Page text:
California-based Jamie Evans, also known as The Herb Somm, is well known in the cannabis space thanks to her informative and educational events, website and two books, The Ultimate Guide to CBD: Explore the World of Cannabidiol and Cannabis Drinks: Secrets to Crafting CBD and THC Beverages at Home.
Earlier this year, Evans, who holds a wine business degree from Cal Poly San Luis Obispo and has over a decade of wine industry experience, launched Herbacée, a cannabis-infused non-alcoholic wine. Available in both bottle and can, the brand’s first offering is the Sparkling Rosier, made primarily from Grenache, Mourvèdre and Cinsault; a Sparkling Blanchette is set for spring release. Evans sources the base wine from throughout California, taking out the alcohol to infuse a proprietary blend of THC and CBD. We caught up with her to learn more about this fascinating hybrid drinks world now upon us.
Virginie: Can you describe what’s happening in the cannabis beverage space? Did it start with seltzers and beer-like drinks first and is just now getting to wine?
Jamie: Infused drinks are one of the fastest growing cannabis categories and poised to become one of the largest categories in the edible space. There is a lot of money coming from traditional beverage companies and an enormous potential for growth; it’s exciting to see. In 2017 when I launched Herb Somm, cannabis drinks were not a thing. But in the past three to four years, there’s been so much innovation going into this space and now there are professional products that are shelf stable.
It’s becoming mainstream—there are a lot of celebrities coming out with cannabis beverages, as well as athletes. It started with seltzers and tonics, but now that we have the ability to create cannabis-infused aperitifs, dealcoholized beer, cider and wine, the possibility is immense.
Virginie: What is it about cannabis beverages that will appeal to regular consumers of wine?
Jamie: It’s such a familiar consumption process. Not everyone wants to roll up a joint or use a concentrate. We all know how to crack open a can or open a bottle. Beverages blend in with the norms of a normal lifestyle, are approachable and more acceptable in social situations than smoking. And they provide that social experience.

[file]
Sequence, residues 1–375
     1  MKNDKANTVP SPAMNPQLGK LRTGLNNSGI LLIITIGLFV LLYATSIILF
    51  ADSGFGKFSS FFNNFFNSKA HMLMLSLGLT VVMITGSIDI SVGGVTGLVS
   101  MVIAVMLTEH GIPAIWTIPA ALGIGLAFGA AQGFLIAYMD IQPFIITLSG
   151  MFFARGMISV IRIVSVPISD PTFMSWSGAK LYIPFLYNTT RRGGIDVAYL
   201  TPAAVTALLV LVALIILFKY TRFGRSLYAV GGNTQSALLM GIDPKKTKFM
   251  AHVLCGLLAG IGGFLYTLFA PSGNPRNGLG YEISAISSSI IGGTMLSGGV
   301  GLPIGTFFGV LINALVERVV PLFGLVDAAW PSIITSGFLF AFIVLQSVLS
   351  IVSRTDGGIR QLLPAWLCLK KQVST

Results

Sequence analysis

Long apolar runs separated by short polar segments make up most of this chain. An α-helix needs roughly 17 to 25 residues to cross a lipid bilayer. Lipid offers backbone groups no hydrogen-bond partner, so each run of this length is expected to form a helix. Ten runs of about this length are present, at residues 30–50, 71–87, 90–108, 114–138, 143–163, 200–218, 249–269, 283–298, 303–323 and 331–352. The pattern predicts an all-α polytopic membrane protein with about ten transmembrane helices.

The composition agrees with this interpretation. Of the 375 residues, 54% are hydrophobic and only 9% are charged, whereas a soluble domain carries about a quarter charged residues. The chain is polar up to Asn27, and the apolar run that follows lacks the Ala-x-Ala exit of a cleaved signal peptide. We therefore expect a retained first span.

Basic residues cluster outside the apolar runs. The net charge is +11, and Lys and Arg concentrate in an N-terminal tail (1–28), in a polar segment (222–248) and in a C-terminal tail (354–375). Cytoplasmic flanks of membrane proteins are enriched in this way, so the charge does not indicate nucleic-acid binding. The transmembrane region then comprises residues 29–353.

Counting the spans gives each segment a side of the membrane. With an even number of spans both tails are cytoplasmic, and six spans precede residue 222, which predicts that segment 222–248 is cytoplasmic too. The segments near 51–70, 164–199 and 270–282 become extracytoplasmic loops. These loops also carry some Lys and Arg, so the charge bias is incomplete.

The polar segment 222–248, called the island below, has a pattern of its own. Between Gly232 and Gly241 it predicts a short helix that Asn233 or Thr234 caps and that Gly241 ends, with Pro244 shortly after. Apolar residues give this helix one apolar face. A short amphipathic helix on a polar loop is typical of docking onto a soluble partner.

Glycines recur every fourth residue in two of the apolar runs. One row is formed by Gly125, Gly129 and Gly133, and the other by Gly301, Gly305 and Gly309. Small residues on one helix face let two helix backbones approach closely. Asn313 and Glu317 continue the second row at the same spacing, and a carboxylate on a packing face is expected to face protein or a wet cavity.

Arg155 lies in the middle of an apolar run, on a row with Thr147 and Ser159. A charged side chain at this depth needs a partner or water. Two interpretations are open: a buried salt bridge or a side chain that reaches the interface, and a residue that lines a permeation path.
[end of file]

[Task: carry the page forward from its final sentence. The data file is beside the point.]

For wine consumers specifically, there are now beverages that are similar to wine that provide a wine like experience at a fraction of the calories and without alcohol. People are being more health conscious; you’re seeing this trend of low- to no-alcohol beverages in general. Cannabis beverages fit in with those and give people something else to explore.
Virginie: If THC or CBD is present, alcohol has to be removed from a commercial cannabis infused product, correct? What are the challenges of replacing the texture and body that alcohol contributes?
Jamie: If it’s going to be sold in a legal cannabis market like a dispensary, it has to be dealcoholized. So as a cannabis winemaker, it’s up to me to build the wine back into something that delivers that wine-like drinking experience. It’s about balance. One end is creating something wine-like with primary, secondary and tertiary aromas and flavors to make it complex, but also thinking about the balance of acidity and residual sugar on your palate.
For Herbacée, I wanted something that had bright acidity, that reminds me of wine. The final part is weight on the palate. Alcohol contributes to the structure and when you remove that, you’re left with something that could taste similar to water. You have to think about what you can add back in. There are different techniques and ingredients that people use that are all natural. Ultimately though, if you’re starting with a high-quality wine, chances are the dealcoholized wine is going to be pretty darn good as well.
Virginie: You worked hard to make sure Herbacée would not taste sweet. Why?
Jamie: I wanted to create a dry, refreshing beverage that resembles a crisp rosé like you would find in France. Acid-driven was important to me too; I want consumers to pair it with food. I’m a big wine drinker myself. That it was not laced with sugar was important. It took me 70 revisions to figure out the right balance.
Virginie: What do you see ahead for the cannabis beverage space?
Jamie: The future’s very bright; there’s a lot of momentum and excitement. We can produce these beautiful, shelf-stable products that taste great. There are only a handful of cannabis-infused wine producers that are infusing with THC, so there is an exciting opportunity there. As the low- and no-alcohol categories grow, it helps the cannabis drink messaging. These beverages deliver a buzz, and you might still want a buzz but don’t want the side effect of alcohol. One day, I would love to see cannabis-infused wine bars. It’s only a matter of time before we see on-premise, consumer-facing experiences.
This article originally appeared in the April 2022 issue of Wine Enthusiast magazine. Click here to subscribe today!